Before the hackathon Marcus and Alex Francisco were building a welder from a microwave and we thought it was extremely dangerous. So we decided to create something that would make sure that if there were to be a fire it would be dealt with the right way. We also thought that it would be very easily distributed into many households and is a cheaper system that those that are commercially available as well as being expandable.
What it does
When a smoke detector detects a fire, a garage door will open, the owner will be notified, and a sprinkler system will be activated.
How I built it
Using a smoke detector, Arduino, motors, and Twilio API. The Arduino was wired to the smoke detector to read the voltages received by the smoke detector's buzzer. When it detected an increase in voltage, the Arduino would activate a motor which initiated the sprinkler system and opened the garage door. Additionally, the Arduino sent data to an external machine running a python script. This script would wait to receive data from the Arduino port and then sent a text message to the owner using the Twilio API.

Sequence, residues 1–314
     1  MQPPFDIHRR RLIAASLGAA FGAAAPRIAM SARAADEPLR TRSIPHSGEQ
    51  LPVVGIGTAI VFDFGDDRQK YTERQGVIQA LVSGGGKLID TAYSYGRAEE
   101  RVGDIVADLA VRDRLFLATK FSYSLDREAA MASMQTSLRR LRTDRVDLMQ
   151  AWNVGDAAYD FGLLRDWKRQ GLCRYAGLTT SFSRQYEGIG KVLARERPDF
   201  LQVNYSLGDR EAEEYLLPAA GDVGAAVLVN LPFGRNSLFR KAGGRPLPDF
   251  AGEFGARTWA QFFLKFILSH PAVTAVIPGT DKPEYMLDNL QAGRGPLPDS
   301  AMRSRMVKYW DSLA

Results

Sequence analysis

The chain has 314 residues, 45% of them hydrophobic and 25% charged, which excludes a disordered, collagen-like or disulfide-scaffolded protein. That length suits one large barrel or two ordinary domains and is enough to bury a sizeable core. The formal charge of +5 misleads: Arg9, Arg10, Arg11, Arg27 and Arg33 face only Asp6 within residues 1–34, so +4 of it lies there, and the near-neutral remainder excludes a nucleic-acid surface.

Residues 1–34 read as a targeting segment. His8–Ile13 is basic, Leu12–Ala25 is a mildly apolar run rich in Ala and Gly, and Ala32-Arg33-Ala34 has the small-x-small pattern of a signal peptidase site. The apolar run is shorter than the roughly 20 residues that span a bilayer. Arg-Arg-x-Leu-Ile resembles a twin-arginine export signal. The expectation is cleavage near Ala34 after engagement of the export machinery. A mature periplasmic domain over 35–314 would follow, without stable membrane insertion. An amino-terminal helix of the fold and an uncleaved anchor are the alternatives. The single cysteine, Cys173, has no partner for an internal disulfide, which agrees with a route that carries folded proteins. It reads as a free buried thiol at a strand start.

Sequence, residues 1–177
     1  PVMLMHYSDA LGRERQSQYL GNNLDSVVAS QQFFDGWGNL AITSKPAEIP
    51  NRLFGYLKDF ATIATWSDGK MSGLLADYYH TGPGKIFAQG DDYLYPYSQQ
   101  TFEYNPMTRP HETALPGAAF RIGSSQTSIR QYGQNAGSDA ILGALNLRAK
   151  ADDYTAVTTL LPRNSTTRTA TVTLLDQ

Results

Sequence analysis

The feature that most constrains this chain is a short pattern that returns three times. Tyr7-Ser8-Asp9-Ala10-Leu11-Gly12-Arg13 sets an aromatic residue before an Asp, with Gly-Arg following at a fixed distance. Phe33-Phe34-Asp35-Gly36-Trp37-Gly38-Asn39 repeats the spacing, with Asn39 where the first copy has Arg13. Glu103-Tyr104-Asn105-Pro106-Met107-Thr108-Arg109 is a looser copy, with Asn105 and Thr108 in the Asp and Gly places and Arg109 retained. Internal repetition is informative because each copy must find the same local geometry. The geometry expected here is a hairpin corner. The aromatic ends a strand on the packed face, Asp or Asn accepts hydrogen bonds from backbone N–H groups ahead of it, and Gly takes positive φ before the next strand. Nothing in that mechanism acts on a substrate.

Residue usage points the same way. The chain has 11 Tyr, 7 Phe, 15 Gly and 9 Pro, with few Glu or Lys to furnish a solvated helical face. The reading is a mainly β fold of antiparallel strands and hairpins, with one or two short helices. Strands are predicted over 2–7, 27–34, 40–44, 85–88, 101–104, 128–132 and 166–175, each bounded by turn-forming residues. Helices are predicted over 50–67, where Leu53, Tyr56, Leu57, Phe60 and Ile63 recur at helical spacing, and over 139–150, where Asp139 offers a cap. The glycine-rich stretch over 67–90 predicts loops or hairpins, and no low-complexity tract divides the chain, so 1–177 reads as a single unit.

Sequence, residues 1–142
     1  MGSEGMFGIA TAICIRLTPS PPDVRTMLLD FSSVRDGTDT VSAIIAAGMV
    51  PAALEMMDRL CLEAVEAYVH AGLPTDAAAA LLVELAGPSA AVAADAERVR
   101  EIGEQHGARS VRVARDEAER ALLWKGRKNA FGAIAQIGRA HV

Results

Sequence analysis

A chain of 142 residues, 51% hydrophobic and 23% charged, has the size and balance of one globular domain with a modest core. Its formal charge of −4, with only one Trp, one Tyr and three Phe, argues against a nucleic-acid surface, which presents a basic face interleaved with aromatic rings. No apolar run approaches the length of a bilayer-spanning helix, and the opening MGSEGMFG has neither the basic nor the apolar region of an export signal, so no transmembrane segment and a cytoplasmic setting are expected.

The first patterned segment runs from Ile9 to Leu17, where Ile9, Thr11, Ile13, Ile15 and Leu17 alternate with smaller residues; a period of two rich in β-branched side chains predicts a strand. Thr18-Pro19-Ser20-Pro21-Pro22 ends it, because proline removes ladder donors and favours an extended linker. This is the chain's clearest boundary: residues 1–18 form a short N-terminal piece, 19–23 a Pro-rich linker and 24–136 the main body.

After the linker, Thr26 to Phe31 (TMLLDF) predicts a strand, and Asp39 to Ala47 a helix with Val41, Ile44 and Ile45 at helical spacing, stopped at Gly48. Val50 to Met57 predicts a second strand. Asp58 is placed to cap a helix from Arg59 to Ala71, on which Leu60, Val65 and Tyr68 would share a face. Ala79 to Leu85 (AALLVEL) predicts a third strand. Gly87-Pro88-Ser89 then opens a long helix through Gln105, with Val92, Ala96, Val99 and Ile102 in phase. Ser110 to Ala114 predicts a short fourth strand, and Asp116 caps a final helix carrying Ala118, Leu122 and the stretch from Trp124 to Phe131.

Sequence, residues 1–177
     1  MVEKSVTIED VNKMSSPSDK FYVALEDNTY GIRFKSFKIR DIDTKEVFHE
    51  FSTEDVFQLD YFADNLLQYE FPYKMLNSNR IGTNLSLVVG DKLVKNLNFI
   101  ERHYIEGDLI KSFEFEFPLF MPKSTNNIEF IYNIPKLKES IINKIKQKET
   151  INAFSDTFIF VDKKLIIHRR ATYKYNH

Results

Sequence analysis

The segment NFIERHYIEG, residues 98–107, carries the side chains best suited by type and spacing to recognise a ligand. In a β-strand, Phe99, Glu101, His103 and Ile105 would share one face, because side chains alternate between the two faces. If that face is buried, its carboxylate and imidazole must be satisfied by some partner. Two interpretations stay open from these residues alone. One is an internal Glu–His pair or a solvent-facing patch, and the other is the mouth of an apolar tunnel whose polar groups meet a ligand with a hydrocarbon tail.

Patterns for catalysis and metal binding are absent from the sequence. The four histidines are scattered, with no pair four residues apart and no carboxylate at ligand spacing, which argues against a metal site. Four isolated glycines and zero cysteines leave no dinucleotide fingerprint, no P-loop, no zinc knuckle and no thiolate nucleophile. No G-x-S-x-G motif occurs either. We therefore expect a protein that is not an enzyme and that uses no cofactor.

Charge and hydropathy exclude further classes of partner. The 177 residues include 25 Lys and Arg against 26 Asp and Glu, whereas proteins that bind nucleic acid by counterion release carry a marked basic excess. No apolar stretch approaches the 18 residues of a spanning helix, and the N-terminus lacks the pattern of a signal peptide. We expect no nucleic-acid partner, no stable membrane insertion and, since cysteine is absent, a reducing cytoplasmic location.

Challenges I ran into
Wiring the smoke detector's buzzer to the Arduino was difficult due to smoke alarms complexity. We also had to deal with having water near sensitive electronic equipment. Along with attempting to setup a feed back system from the user to interact with the device from their phone.
Accomplishments that I'm proud of
Wiring a smoke detector to an Arduino, being able to problem solve on the fly due to various problems we encountered, experimented with systems that were new to us.
What I learned
Inner workings of a smoke detector Inner workings of a microwave How to use an Arduino Basics of Azure In a pinch a leaf blower is an excellent way to dry off circuitry.
What's next for Red Alert
Azure support Expand to commercial use Carbon Monoxide detection User Interface Feedback monitored arc welding Water proofed parts